The National Sheep Association (NSA) has issued a warning to sheep farmers after the first case of bluetongue in sheep in the UK has been confirmed.
The Department for Environment, Food and Rural Affairs (Defra) confirmed the first case of the disease in a sheep on a site within the temporary control zone (TCZ) yesterday (Thursday, December 8).
The NSA is urging sheep farmers within the TCZ in Kent to be on “high alert” for signs of the disease.
The confirmed case in the sheep brings the total of animals identified with bluetongue serotype 3 to nine.
NSA chief executive, Phil Stocker, said: “It is disappointing, but not entirely surprising that BTV-3 has now been found in sheep.
“NSA understands the case was found in a mixed herd and identified through the routine surveillance testing currently being undertaken.
“BTV-3 is transmitted by biting midges which are most active between April and November. There has been no direct animal-to-animal spread of the disease in this current outbreak.
“NSA continues to urge any sheep farmers within the TCZ to of course comply with the movement restrictions in place, but also encourages those who might be traveling to the area or have stock heading off on winter keep to remain vigilant.”
Stocker said the disease can spread rapidly amongst ruminants and that it is therefore imperative that Defra is swiftly notified of any concerns.
Stocker said that, due to current restrictions within the TCZ, the NSA is asking that during this time Defra ease its concerns around the technicalities of linked holdings and CPH numbers, and instead “encourage anyone with concerns of Bluetongue amongst their animals to come forward as soon as they feel the need”.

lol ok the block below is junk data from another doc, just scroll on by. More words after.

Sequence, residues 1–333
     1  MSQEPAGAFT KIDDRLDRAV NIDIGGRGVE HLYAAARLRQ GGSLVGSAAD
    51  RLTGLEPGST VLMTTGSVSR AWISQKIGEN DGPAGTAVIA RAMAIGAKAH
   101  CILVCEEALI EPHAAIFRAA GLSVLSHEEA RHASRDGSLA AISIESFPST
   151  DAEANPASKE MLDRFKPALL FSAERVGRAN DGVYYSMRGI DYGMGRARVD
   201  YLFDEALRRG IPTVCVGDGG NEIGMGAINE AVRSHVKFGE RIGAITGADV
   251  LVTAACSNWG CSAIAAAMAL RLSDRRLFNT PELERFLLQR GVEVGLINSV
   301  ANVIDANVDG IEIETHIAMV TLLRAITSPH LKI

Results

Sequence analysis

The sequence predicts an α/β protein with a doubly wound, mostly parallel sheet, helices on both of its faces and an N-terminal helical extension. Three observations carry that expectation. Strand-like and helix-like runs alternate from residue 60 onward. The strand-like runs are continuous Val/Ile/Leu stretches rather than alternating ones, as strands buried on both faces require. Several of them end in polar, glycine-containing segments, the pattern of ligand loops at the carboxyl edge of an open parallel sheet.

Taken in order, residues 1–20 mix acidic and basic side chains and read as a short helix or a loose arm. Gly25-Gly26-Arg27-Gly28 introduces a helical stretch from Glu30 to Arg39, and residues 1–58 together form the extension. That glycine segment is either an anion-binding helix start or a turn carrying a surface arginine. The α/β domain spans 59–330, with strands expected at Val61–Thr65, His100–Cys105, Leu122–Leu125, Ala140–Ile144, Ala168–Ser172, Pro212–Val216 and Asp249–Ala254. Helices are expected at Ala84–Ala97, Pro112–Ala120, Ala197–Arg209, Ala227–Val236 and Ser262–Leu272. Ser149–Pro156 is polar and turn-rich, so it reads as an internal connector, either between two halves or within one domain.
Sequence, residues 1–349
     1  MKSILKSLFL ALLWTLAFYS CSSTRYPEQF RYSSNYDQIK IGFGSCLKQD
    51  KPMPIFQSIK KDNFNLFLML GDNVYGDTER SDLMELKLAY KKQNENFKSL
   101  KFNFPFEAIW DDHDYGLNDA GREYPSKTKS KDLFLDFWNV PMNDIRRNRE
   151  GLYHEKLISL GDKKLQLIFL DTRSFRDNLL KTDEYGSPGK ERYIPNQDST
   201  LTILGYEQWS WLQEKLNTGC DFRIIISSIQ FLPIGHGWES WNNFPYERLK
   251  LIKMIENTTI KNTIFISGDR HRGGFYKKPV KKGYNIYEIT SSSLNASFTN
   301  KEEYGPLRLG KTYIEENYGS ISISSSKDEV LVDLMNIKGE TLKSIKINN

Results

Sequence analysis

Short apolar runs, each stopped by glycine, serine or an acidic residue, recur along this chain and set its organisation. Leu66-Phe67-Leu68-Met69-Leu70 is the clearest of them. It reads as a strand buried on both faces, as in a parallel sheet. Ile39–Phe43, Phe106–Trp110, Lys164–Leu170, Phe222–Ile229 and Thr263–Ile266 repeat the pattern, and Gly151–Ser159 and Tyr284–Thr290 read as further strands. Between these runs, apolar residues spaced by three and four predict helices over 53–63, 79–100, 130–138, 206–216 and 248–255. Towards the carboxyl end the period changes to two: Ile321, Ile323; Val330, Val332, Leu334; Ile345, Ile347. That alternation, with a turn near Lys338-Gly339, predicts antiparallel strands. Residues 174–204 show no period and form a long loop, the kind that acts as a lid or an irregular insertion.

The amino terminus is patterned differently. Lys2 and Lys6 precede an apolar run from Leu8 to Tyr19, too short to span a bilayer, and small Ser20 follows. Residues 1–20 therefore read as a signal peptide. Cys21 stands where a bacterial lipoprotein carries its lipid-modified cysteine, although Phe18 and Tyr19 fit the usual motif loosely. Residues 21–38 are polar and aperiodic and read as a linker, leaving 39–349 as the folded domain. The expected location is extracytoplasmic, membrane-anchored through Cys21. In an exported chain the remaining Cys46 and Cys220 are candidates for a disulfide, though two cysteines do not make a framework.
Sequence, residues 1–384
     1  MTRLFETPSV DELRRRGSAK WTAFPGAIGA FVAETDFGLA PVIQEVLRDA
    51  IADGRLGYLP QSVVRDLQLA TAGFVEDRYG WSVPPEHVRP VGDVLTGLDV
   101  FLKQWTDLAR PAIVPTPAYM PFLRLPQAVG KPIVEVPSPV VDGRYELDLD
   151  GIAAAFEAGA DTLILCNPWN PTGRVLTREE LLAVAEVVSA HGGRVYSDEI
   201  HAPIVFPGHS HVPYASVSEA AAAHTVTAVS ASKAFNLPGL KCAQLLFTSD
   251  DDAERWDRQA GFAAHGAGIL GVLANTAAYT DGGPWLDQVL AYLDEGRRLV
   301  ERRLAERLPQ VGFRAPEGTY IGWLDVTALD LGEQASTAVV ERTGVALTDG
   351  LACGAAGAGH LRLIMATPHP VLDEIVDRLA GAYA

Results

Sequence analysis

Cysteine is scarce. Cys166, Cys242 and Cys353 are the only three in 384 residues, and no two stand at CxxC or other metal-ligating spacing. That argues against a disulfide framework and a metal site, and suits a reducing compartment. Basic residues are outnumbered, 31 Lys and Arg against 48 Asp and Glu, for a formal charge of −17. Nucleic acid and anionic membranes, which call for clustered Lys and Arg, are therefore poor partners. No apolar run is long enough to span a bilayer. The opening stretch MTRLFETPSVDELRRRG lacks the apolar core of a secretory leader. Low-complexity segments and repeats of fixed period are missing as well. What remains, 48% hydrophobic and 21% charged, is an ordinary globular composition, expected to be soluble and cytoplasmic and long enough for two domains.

“As there is no vaccine available for BTV–3, farmers are encouraged to maintain exceptional levels of good biosecurity, including ensuring needles are changed between any routine vaccinations,” he said.
“Although current cases are in one county only, NSA encourages sheep farmers across the country to take a look at the official Defra guidance.”
Strict rules on the movement of livestock from regions affected by bluetongue remain in place.
Farmers are reminded that animals imported from these regions must be accompanied by the relevant paperwork, to clearly show they meet certain conditions designed to reduce disease risk, e.g., correct vaccination.
NI and GB ruminants cannot be exported from a GB Assembly Centre to the European Union, or moved to NI until further notice.